Indie Author

Finding & Creating Beauty in Unlikely Places

Month: August 2015

Transparency, Integrity, and the Fight to Balance It All While Going At It Alone (Well, Not Totally Alone)

A large part of this indie journey for me has been (what I would describe as) a healthy mixture of uncertainty and a search for validation. I’ve been indie publishing for about two and half years. In that time, I’ve published three novels, written four. Self-publishing a novel is a lot like being one of those poor contestants on a TV talent competition. You get up, stand on that stage. You’re saying to yourself, “well, I think I’m talented” but, inwardly, there’s that mind-numbing fear of being one of those deluded suckers who’s really making a sad fool of themselves. And if you are outed as said fool, there’s the added bonus of having willingly subjected yourself to public ridicule. That’s the fear. On the flip side is the hope that, yes, maybe you do have the talent, maybe the public will be receptive to your work, maybe you’ll be one of the ones that “make it”.

So far, I’ve been blessed to have received warm reviews from the random strangers that I’ve solicited through their blogs or gleaned through giveaways. It’s given me the little pat on my shoulder of, “ok, I guess you don’t totally suck. The fact that you think your novels are good isn’t all in your head”. However, the question of whether my writing would hold up to the scrutiny of the traditional publishing world, of whether I’m producing the same quality writing that would get a book published, has been that kernel of uncertainty that I just couldn’t shake.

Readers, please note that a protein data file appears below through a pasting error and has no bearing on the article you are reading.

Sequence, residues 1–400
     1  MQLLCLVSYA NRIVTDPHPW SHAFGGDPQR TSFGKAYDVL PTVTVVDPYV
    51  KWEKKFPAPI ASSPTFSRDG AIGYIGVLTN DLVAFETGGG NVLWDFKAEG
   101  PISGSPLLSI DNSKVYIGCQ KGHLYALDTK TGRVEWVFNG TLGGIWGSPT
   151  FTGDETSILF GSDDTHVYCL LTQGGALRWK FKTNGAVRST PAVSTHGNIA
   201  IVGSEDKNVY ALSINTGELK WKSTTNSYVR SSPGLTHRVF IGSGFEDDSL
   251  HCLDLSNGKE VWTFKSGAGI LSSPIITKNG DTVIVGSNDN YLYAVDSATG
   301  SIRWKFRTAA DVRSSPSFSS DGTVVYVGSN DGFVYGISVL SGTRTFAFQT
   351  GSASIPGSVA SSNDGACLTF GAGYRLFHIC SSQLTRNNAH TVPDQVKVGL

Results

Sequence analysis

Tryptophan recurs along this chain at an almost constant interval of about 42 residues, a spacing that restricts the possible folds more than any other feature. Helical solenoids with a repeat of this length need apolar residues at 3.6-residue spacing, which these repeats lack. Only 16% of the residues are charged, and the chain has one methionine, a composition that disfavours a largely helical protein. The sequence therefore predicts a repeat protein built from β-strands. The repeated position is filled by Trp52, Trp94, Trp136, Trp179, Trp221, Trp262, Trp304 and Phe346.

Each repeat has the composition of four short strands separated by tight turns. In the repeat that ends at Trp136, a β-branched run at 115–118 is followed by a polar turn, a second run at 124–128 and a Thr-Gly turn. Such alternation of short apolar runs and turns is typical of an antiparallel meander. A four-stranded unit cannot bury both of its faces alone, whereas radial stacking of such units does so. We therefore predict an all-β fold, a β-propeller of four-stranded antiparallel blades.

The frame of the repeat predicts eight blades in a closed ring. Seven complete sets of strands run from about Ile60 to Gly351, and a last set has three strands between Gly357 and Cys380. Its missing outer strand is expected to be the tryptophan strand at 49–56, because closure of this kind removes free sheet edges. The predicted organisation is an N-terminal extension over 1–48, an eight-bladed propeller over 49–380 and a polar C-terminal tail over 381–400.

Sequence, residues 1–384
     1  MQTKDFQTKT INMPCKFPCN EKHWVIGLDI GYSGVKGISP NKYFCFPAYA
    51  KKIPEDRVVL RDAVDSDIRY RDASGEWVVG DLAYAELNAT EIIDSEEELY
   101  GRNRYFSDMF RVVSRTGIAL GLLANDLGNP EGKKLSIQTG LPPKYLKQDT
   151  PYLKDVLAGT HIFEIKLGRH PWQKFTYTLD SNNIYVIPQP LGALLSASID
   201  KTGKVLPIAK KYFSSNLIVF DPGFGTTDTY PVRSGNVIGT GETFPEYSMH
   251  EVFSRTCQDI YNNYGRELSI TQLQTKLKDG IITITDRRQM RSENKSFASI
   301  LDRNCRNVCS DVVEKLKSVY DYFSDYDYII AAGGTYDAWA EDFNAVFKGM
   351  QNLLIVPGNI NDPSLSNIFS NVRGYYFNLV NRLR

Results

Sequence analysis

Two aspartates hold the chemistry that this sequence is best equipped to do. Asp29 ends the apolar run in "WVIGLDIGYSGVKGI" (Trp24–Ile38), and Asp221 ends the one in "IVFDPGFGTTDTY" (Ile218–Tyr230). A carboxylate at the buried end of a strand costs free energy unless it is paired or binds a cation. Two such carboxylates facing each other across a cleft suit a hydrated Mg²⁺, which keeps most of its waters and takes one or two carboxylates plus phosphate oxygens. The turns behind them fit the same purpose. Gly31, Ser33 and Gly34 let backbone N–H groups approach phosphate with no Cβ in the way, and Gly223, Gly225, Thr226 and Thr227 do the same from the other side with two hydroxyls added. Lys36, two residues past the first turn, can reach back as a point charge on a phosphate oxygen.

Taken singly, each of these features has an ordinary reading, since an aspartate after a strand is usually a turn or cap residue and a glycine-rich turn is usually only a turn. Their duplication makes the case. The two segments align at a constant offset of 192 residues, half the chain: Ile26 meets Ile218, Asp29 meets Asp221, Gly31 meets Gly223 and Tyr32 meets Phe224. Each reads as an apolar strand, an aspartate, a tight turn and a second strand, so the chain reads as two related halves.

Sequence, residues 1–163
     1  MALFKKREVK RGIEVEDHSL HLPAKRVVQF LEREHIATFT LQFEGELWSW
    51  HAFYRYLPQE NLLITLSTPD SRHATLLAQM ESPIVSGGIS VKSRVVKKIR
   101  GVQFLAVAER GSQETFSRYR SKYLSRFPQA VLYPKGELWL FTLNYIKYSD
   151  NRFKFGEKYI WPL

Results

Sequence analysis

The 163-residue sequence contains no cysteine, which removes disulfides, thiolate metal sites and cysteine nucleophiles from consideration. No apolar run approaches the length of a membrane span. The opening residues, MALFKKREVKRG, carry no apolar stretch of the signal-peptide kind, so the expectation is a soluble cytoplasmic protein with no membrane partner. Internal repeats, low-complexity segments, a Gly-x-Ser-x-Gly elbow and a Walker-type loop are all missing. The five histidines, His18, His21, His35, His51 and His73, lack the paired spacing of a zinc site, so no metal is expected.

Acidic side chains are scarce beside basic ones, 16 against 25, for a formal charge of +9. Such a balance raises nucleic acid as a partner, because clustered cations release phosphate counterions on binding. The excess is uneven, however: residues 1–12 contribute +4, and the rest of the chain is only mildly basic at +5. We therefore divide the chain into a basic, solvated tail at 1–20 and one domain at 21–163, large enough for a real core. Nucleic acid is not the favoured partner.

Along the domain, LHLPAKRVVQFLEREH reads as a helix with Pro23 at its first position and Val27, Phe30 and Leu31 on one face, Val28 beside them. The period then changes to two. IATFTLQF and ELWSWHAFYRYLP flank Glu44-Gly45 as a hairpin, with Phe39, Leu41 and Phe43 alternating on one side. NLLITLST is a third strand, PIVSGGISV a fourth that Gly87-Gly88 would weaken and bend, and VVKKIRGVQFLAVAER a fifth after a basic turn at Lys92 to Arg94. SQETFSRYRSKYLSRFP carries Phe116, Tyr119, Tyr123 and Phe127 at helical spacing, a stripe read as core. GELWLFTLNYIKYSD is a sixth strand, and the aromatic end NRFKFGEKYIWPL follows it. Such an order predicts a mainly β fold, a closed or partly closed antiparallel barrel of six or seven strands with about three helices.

Enter Awesome Indies and a wonderful author/friend who suggested them to me. They employ accredited reviewers to give your indie novel the onceover and tell you point blank whether you have a product that holds up to publishing industry standards. And if not, they provide you with notes on improvement and a chance to resubmit. This was the opportunity that I’ve been craving; a chance to get as close to a professional review as I can get without agents, endless queries, months of waiting for a traditional publisher to give me the time of day.

This week, I got my answer, and it was really the best possible news I could have received in-what I refer to as-the realm of “reality”. I received two graciously generous reviews praising the content and narrative quality of my work, and a rightful scolding on the lack of professional editing. In short, I’m giving my readers what these reviewers feel is a novel at the same writing quality level as a traditionally published author, only without the benefit that an editor provides, so an unintentional rough draft but a rough draft nonetheless. In truth, I was disappointed but not surprised. I’ve been going at this with the help of family, bloggers, fellow indies, and friends as my beta readers, but not a professionally trained pair of eyes. In truth, I’m making technical errors in my formatting that I didn’t even realize were errors; who knew that there was a difference between a hyphen and a dash, or that a space needed to go before and after an ellipsis? Not me! And I read…a lot! And was completely oblivious to these things.